Holcombe Rucker Park
Holcombe Rucker Playground
What was here before?
This was once the site of the 8th Avenue Railroad Company, which opened in 1852. It operated services from Lower Manhattan to 51st Street and 8th Avenue and expanded to this location in the late 1800s. The M10 bus line currently runs along part of the original route.
How did this site become a park?
The park opened as PS 156 Playground in 1956 and was a Jointly Operated Playground. Beginning in 1938, the Board of Education agreed to provide land next to schools where the Parks Department could build and maintain playgrounds that could be used by the school during the day and the public on evenings and weekends. Due to declining student population within the district, the school closed in 1981 but the playground remained.
In 1974, the playground was renamed Holcombe Rucker Park after Parks’ beloved Playground Director at the request of Rucker’s protégés. The basketball tournaments at the park’s Greg Marius Court have been the subject of three films: Above the Rim, On Hallowed Ground, and The Real: Rucker Pro Legends and Fathers of the Sport.
Who is this park named for?
Holcombe Rucker (1926-1965) is remembered for the basketball tournaments he founded at this court and the generations of players he mentored. Born and raised in Manhattan and schooled at Benjamin Franklin High School, Rucker worked as a Playground Director for NYC Parks at various Harlem parks from 1948 and 1964.
His career flourished at this park, where his tournaments became summertime rituals and drew upon neighborhood talent schooled in fast-paced, rough-and-tumble, acrobatic streetball. Rucker’s motto on the court was “each one, teach one,” which stressed the importance of sharing knowledge, and he guided players in scholarly pursuits in addition to athletics.
By the 1950s, Rucker started the ‘Rucker Tournament,’ out of which came some 700 college athletic scholarships. Over time, the best amateur players competed here with leading professional athletes such as Wilt Chamberlain and Kareem Abdul Jabbar. Rucker saw the tournaments as a positive influence on local youth during the summer when school was not in session.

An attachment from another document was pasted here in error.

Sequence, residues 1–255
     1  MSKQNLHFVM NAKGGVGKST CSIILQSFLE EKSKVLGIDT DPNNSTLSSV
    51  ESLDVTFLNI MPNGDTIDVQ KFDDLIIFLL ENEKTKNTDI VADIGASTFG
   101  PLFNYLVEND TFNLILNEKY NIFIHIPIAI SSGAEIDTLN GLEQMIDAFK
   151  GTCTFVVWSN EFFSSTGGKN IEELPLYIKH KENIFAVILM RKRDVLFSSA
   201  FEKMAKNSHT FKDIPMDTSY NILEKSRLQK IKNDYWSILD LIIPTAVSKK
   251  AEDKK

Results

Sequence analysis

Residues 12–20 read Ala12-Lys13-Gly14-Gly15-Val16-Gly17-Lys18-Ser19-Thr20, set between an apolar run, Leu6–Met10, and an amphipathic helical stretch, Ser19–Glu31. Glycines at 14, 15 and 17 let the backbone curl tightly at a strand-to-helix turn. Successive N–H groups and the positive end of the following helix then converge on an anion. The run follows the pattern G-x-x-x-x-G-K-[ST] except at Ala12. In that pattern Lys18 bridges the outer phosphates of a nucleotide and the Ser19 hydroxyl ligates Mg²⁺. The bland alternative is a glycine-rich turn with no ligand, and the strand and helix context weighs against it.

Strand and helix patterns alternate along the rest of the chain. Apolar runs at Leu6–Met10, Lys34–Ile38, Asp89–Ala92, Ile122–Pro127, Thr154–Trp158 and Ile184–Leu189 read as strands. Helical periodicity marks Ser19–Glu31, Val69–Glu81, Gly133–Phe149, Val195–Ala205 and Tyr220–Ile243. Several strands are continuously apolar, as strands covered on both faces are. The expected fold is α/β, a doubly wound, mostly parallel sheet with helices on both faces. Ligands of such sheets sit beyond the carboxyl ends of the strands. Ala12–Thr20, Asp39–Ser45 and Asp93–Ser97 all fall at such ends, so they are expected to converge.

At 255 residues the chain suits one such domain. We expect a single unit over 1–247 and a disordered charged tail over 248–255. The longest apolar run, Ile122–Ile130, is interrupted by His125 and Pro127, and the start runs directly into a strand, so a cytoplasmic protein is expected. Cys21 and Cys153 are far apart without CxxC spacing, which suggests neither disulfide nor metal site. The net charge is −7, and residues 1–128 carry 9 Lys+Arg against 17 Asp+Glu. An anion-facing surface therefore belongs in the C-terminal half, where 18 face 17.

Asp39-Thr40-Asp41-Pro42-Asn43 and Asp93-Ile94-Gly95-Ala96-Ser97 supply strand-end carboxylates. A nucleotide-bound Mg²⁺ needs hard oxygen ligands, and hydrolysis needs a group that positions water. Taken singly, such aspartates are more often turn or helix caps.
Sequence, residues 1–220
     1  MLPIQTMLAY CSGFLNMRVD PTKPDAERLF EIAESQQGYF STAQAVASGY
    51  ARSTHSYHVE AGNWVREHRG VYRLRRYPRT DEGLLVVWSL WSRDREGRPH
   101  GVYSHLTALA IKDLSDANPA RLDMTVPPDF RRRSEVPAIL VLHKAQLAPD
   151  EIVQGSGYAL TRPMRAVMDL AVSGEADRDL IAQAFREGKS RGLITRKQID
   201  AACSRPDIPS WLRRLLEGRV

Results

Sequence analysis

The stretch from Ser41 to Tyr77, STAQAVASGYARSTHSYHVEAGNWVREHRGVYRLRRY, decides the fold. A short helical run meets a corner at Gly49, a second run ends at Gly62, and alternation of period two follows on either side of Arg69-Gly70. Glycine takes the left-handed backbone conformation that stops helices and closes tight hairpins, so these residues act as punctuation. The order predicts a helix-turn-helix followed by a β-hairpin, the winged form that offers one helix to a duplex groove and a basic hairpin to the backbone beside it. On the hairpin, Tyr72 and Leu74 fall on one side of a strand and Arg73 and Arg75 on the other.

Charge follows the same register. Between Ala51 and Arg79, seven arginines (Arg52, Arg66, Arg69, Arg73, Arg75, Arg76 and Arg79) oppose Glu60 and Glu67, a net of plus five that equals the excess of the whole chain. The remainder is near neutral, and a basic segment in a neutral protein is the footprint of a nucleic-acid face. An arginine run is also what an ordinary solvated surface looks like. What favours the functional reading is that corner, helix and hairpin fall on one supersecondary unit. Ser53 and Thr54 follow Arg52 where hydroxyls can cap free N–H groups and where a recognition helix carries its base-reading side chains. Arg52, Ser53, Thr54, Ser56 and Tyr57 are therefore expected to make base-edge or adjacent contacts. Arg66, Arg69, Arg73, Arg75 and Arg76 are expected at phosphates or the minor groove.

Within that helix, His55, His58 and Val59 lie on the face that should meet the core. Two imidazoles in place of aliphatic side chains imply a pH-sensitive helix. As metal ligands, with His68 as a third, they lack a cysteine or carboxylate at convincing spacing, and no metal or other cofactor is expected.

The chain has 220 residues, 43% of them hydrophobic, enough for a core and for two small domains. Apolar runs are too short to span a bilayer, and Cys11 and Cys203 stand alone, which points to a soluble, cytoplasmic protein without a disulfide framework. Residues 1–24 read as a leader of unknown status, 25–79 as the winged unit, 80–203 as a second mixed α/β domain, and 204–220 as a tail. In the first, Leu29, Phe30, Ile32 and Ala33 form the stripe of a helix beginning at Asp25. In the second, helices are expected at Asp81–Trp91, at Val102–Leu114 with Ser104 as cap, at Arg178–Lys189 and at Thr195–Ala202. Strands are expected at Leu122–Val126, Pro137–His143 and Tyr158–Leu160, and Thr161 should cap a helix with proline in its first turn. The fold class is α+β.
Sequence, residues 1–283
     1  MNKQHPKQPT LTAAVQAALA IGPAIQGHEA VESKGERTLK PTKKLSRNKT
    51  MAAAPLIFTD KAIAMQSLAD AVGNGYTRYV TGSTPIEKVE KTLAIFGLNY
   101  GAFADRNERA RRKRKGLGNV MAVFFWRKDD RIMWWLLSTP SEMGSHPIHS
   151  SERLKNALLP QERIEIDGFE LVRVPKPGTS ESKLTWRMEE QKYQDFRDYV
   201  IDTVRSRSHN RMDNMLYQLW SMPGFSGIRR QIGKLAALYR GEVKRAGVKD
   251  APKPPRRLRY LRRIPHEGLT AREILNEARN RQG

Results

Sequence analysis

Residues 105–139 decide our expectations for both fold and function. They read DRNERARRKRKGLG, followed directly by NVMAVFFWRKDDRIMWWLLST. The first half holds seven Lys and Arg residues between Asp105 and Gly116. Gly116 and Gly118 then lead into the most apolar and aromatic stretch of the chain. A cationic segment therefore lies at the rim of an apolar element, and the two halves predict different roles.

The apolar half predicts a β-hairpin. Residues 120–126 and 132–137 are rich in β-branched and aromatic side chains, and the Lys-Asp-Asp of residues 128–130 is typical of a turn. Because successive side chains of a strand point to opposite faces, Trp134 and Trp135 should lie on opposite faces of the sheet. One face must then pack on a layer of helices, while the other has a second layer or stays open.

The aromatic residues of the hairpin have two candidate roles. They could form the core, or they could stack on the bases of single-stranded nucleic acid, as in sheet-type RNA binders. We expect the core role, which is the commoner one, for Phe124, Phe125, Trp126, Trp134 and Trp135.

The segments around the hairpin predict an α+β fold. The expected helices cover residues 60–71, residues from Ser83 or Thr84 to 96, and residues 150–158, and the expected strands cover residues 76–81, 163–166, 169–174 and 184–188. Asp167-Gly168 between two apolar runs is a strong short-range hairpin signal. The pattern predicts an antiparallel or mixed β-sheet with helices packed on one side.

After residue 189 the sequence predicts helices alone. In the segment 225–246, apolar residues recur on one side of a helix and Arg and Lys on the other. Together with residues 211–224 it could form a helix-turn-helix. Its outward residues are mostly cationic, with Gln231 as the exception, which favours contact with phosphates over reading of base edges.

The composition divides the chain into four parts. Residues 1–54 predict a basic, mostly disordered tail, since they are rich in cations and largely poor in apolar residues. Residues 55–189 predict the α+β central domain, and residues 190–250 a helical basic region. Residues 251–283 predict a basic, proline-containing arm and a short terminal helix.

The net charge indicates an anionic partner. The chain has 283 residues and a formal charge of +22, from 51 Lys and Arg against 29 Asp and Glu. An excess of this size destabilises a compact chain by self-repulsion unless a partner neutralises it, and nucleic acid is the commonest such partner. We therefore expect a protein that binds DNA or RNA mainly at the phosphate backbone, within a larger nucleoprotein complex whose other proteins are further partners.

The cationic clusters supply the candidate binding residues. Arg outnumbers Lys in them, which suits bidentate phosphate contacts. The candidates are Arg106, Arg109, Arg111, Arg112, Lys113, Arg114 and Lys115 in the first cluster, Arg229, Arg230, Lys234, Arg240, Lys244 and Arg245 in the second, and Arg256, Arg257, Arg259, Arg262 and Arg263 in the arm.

Rucker continued his own education with a degree from the City College of New York in 1962, and then taught English classes at Frederick Douglass J.H.S. 139. He died prematurely, at age 38, due to complications from cancer, leaving his wife Mary Thomas and many devoted followers. Following his death, two protégés – Bob McCullough and Fred Crawford (both drafted by NBA teams) – created the Rucker Pro League, a competition among professionals held in the park each summer. In the spirit of Rucker’s legacy, this tournament is always preceded by one amongst amateur players, called the “Each One Teach One” tournament.
In the late 1960s and ‘70s, the Rucker Pro League reached its apex with rosters that included the likes of Julius ‘Dr. J’ Erving, and Willis Reed. Amateur teams were manned by legendary streetball players such as Joe ‘the Destroyer’ Hammond, Herman ‘Helicopter’ Knowling, and Earl ‘the Goat’ Manigault. By the early 1980s, professional athletes were less active in the competition, for fear of injury during non-season play, and the league returned to its amateur roots. Today, Rucker’s original tournament is played at Colonel Charles Young Playground at 145th Street near the Harlem River.
For over 50 years the Each One Teach One summer league, also founded by McCullough and Crawford, has called Rucker Park home. This annual summer youth league has been instrumental in developing young players and cultivating academic growth and community building.
The Entertainers Basketball Classic, a celebrated annual tournament that marries basketball and music, moved to this court in 1985. Founded by Gregory Marius, this tournament brings together top players from all ranks – high school, college, and professional.